# Tidy Data

Raw data in the real-world is often `untidy` and poorly formatted. Furthermore, it may lack appropriate details of the study. Correcting data in place can be a dangerous exercise since the original raw data would get overwritten and there would be no way to audit this process or recover from mistakes made during this time. A good data practice would be to maintain the original data, but use a programmatic script to clean it, fix mistakes and save that cleaned dataset for further analysis. In this lesson, you will learn all about tidy data.

Question: Consider the following data below. How many variables does this dataset contain?

males females
4 1
2 5

The way the table is presented, it seems like there are only two variables. However, the correct answer is 3. The variables are `injured?`, `count` and `gender`.

### What is Tidy Data?

A dataset is said to be tidy if it satisfies the following conditions

1. observations are in rows
2. variables are in columns
3. contained in a single dataset.

Tidy data makes it easy to carry out data analysis.

### Explore Messy Data

Let us explore some common causes of messiness by inspecting a few datasets.

Income Distribution by Religion

Our first dataset is based on a survey done by Pew Research that examines the relationship between income and religious affiliation.

Read the dataset into your R session and inspect the first few rows to assess if it is tidy.

``````pew <- read.delim(
stringsAsFactors = FALSE,
check.names = F
)
``````

religion <\$10k \$10-20k \$20-30k \$30-40k \$40-50k \$50-75k \$75-100k \$100-150k >150k
Agnostic 27 34 60 81 76 137 122 109 84
Atheist 12 27 37 52 35 70 73 59 74
Buddhist 27 21 30 34 33 58 62 39 53
Catholic 418 617 732 670 638 1116 949 792 633

Except for `religion`, the rest of the columns headers are actually values of a lurking variable `income`. This dataset violates the second rule of tidy data.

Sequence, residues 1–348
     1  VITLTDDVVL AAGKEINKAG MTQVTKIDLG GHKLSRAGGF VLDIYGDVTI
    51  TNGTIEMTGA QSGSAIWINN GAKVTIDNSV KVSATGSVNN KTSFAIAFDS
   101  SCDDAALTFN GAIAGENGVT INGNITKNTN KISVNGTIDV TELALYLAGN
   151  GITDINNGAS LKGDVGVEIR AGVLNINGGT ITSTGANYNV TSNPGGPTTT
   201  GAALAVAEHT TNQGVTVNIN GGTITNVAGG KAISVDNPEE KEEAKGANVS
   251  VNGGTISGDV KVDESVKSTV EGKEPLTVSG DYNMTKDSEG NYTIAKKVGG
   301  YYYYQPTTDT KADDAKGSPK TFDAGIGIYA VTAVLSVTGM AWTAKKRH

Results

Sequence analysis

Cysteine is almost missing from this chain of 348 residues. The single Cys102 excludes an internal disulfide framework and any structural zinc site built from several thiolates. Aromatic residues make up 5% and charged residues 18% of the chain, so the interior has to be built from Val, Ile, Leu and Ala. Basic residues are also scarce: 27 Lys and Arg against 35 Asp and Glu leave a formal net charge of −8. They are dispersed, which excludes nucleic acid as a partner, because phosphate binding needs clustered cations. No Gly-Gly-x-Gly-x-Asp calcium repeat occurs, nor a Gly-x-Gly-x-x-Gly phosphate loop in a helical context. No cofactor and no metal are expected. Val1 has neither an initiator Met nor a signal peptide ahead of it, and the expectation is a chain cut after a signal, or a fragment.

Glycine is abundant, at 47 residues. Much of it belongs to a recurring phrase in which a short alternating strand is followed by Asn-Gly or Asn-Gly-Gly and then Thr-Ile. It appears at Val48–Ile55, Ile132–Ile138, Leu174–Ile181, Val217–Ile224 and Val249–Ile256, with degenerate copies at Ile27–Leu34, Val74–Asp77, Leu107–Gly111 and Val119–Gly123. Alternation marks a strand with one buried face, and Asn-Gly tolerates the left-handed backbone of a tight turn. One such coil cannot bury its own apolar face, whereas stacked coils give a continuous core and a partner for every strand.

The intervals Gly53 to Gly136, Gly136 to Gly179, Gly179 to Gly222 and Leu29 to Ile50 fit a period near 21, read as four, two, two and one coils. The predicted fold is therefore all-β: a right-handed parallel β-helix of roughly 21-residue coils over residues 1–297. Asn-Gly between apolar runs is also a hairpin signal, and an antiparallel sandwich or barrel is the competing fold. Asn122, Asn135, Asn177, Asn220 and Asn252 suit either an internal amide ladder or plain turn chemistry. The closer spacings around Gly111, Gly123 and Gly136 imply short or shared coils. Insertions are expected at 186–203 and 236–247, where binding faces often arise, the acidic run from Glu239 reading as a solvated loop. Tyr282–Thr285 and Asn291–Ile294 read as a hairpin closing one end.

Tuberculosis Incidence

``````tb <- read.csv(
stringsAsFactors = FALSE
)
``````

iso2 year new_sp new_sp_m04 new_sp_m514 new_sp_m014 new_sp_m1524
ZW 2004 14581 187 833
ZW 2005 13155 210 837
ZW 2006 12718 215 736
ZW 2007 10583 6 132 138 500
ZW 2008 9830 127 614

Except for `iso2` and `year`, the rest of the columns headers are actually values of a lurking variable, in fact combination of two lurking variables, `gender` and `age`.

Weather Data

``````weather <- read.delim(
stringsAsFactors = FALSE
)
``````

id year month element d1 d2 d3 d4 d5 d6 d7
MX000017004 2010 10 TMIN 140 129
MX000017004 2010 11 TMAX 313 272 263
MX000017004 2010 11 TMIN 163 120 79
MX000017004 2010 12 TMAX 299 278
MX000017004 2010 12 TMIN 138 105

This dataset seems to have two problems. First, it has variables in the rows in the column `element`. Second, it has a variable `d` in the column header spread across multiple columns.

### Causes of Messiness

There are various features of messy data that one can observe in practice. Here are some of the more commonly observed patterns.

• Column headers are values, not variable names
• Multiple variables are stored in one column
• Variables are stored in both rows and columns
• Multiple types of experimental unit stored in the same table
• One type of experimental unit stored in multiple tables